Friday, June 9, 2017

Virginia - Appomattox

Appomattox

This stop was actually a last minute plan because we couldn't get into a place in Charlottsville, VA due to Memorial Day Weekend. 
We stayed at the Parkview RV Park, a combination mobile home park and RV park. The mobile homes are in the back section and very well maintain. It is right on the exit ramp of Hwy 460 so there was some road noise but not too bad at night. The park has about 40 sites and no amenities except WiFi which was pretty good. Our Verizon signal was strong. The sites are gravel and grass and fairly level with full hook ups. They are a little wider than normal, no picnic table or fire ring.  We paid $40 a night with no discounts offered. 

The motto of the town is "Where the Nation Reunited", as this is where the Civil War ended when General Lee surrendered to General Grant and the terms of the surrender where finalized. 
Visitor Center: Court House reconstructed in 1964
Original burned down in 1892

The Appomattox Court House National Historical Park is about a mile from the RV park. The process started in 1933 after many years of neglect and failed attempts to create a memorial here. In 1930 Congress passed a bill for a monument to be built at the site. It never happened but the desire for one didn't go away. In 1933 the War Department who administered the area turned it over to the National Park Service. Congress authorized it as a National Monument in 1940. The creation of the park was put on hold until after the end of WWII in 1954. Today the village looks much as it did in April 1865, with some of the original buildings and others that have been reconstructed.
McLean House - reconstructed 
The parlor where the two generals met. 

In 1893 a company from Niagara Falls, NY dismantled the McLean House with plans to move it to Washington, DC as a war museum. This mission was never accomplished and the piles of brick and lumber were left to rot and disappear.  





On April 9, 1865, the surrender took place at the McLean House. Other confederate armies remained in the field, but Lee's surrender signaled the end of the war. Three days later the men of the Army of Northern Virginia turned over their flags and weapons and began their journey home.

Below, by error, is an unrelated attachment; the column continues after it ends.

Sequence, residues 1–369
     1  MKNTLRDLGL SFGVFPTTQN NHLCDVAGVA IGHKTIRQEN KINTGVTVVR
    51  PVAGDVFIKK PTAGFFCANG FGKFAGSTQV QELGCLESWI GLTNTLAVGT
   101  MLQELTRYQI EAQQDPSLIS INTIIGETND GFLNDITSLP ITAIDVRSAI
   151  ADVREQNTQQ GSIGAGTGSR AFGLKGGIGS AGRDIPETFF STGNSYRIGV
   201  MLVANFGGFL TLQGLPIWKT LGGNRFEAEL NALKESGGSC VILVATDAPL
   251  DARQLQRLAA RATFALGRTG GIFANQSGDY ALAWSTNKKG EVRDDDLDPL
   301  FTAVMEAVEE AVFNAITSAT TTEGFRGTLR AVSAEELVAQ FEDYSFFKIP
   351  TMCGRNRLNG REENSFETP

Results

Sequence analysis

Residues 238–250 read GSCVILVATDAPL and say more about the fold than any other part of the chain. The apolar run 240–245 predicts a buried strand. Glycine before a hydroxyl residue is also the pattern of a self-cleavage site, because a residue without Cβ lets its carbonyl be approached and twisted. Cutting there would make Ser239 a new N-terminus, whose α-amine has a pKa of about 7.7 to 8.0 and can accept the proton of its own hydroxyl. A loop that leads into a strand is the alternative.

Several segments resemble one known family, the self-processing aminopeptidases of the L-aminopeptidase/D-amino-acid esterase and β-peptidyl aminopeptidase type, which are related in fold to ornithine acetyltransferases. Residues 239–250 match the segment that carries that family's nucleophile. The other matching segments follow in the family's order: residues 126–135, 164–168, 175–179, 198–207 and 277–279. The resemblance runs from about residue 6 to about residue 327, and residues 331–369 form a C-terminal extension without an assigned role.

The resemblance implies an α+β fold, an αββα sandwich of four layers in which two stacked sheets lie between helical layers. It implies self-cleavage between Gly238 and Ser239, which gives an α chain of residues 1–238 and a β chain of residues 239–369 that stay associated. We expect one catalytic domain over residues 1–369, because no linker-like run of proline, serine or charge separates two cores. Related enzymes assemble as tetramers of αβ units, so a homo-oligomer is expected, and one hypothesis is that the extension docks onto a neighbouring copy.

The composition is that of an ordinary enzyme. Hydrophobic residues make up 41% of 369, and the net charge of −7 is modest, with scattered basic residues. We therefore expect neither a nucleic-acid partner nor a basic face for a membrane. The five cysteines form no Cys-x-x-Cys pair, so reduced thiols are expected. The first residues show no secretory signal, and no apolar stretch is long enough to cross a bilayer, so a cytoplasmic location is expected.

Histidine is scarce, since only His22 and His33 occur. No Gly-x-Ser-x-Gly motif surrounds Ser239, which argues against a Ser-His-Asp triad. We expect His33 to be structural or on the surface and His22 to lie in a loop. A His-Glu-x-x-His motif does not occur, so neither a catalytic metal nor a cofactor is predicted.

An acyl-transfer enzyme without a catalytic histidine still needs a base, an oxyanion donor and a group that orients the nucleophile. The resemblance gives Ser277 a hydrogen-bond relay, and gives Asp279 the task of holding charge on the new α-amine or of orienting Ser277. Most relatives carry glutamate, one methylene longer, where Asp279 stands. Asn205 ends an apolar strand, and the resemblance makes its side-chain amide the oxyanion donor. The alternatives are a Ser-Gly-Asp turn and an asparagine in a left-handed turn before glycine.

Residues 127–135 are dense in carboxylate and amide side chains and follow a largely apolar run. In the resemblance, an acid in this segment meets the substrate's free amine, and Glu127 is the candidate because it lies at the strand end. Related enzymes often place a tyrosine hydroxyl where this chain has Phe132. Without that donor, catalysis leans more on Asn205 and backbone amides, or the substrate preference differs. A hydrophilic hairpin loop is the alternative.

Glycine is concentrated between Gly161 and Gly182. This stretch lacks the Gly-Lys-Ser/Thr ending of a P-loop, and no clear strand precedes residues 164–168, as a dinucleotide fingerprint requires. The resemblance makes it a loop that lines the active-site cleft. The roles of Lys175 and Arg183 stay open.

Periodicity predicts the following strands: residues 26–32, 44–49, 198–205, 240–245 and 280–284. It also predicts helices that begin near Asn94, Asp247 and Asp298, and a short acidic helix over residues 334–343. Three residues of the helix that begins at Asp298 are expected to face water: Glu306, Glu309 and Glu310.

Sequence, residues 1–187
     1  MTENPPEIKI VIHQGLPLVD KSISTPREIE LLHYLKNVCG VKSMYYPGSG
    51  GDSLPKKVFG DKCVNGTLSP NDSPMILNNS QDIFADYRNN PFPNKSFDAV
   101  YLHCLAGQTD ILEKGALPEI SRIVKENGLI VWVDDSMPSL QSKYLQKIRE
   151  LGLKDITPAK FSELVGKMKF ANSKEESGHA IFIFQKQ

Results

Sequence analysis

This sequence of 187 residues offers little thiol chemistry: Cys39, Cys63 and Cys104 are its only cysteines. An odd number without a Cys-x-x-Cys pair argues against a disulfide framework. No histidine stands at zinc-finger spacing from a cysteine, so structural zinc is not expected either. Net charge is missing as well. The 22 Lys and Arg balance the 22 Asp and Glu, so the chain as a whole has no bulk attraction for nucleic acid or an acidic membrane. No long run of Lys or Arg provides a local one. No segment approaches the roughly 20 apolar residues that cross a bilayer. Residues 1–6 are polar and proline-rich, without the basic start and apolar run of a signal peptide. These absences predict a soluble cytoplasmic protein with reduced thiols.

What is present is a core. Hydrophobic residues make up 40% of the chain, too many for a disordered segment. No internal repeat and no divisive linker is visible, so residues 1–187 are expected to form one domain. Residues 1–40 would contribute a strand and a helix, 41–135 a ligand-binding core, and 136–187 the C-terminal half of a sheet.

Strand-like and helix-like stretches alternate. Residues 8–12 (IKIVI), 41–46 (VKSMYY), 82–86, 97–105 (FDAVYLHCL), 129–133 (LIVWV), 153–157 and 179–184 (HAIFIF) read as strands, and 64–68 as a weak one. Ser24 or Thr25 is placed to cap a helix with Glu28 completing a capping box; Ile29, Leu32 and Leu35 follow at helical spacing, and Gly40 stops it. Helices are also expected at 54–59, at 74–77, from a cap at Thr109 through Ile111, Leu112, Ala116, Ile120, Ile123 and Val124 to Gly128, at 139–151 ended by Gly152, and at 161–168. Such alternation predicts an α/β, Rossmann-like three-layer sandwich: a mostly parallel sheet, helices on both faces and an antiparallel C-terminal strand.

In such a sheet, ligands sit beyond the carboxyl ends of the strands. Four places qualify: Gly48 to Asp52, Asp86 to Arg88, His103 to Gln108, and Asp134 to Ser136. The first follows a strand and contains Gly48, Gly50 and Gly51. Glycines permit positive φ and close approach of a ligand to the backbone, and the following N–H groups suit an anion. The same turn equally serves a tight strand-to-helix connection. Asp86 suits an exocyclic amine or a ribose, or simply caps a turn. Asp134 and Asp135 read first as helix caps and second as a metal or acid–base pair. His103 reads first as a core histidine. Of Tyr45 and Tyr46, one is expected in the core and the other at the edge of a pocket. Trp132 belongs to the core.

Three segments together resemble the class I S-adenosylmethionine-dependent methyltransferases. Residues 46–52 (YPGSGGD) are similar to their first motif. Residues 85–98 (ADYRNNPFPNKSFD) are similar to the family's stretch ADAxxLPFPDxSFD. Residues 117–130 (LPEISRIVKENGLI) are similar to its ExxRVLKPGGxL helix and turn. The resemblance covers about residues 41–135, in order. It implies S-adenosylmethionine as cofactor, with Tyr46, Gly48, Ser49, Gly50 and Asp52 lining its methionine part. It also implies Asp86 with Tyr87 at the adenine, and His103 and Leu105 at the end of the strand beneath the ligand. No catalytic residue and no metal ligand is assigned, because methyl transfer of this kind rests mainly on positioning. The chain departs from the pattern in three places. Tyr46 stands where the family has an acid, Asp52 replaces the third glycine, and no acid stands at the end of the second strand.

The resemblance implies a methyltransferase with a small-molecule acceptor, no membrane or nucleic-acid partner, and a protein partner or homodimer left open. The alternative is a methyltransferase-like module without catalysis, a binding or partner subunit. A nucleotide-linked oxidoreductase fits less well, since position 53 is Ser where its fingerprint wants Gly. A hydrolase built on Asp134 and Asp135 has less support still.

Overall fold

A painting of that day








The village sits in the center of the park, with each general's camps on either end of it. There are trails for hiking from one end to the other. 
L: Clover Hill Tavern ~~~ C: Appomattox County Jail ~~~ R: Meeks Store 
The Clover Hill Tavern is an original building, built in 1819 it is the oldest structure in the village. This is where the Federals printed the parole passes for Confederate soldiers. This County Jail was the second one, built in 1867 after the first jail burned in 1864. The Meeks Store was built in 1852 and is also an original building. It not only served as the general store but also the post office. 

Continuing our history lesson we headed to Red Hill ~ Patrick Henry National Memorial 
Top L: Carriage House    Top R: Patrick Henry bust
Bottom L: Law Offices    Bottom R: Blacksmith 
The Visitor Center offers a gift shop, a movie that details Henry's life and the worlds largest collection of Patrick Henry artifacts. Betsy, who was working that day was such a charm. She is very passionate about the history of the area and explained everything to us. She was very excited about our travels and we shared our blog address with her and she has already contacted us. Betsy if you are reading this thank you for making our visit so enjoyable. 
You can wander the grounds at your leisure and even bring your dog along on a leash. The house and law office are open for you to go in (you, not your dog). 

The Osage Orange Tree is over 60-feet tall with branches that span over 88-feet and a circumference of over 349-inches. The American Forest Foundation (national non-profit conservation group) estimates it to be over 300-years old and the largest one in the United States. It makes the house look like a doll house. 
The outline on the lawn in the right hand picture is the foundation of the 
west wing addition that burned down in 1919

The house was built in the 1770's and destroyed by fire in 1919 while his great-granddaughter Lucy Henry Harrison lived in it. She had added to the house over the years. The current house was rebuilt on the original foundations in 1957. 
The Law Office was built in the early 1770's as an overseeer's house by the previous owner. Henry used one room as his law office and the other was used as living quarters for his oldest boys, as space in the main home was limited. 


There is a small cemetery where Patrick Henry and his wife Dorothea Dandridge Henry are buried along with other family members. We have seen more than our share of elaborate headstones in our travels and it always amazes us when someone of prominence has such a simple one. 

In contrast to the family graves is the slave cemetery. There is only one headstone that belongs to Matilda Pannel. She married Harry Pannel after the Civil War and had at least 16 children. Many of her descendants still live in the area. The rest of the graves are either unmarked or marked with a rock. It is so hard to understand how people could be treated with such lack of regard. 
You get to the Slave cemetery following the Quarter Place Trail. It takes you past a reconstructed cabin and tobacco curing barn. 





When we left there we stopped at the San Soucy Vineyard and Brewery. Yes, a vineyard and brewery in one. What a cool place. The tasting area is in a small barn with tables set up and a small stage in one corner for live music. On one side of the barn is a food truck and small patio tables with umbrellas and the other side is a large grassy area with a tables as well. Nancy enjoyed a flight of 5-different beers and Les celebrated "Sangria Saturday" with a tasty peach sangria.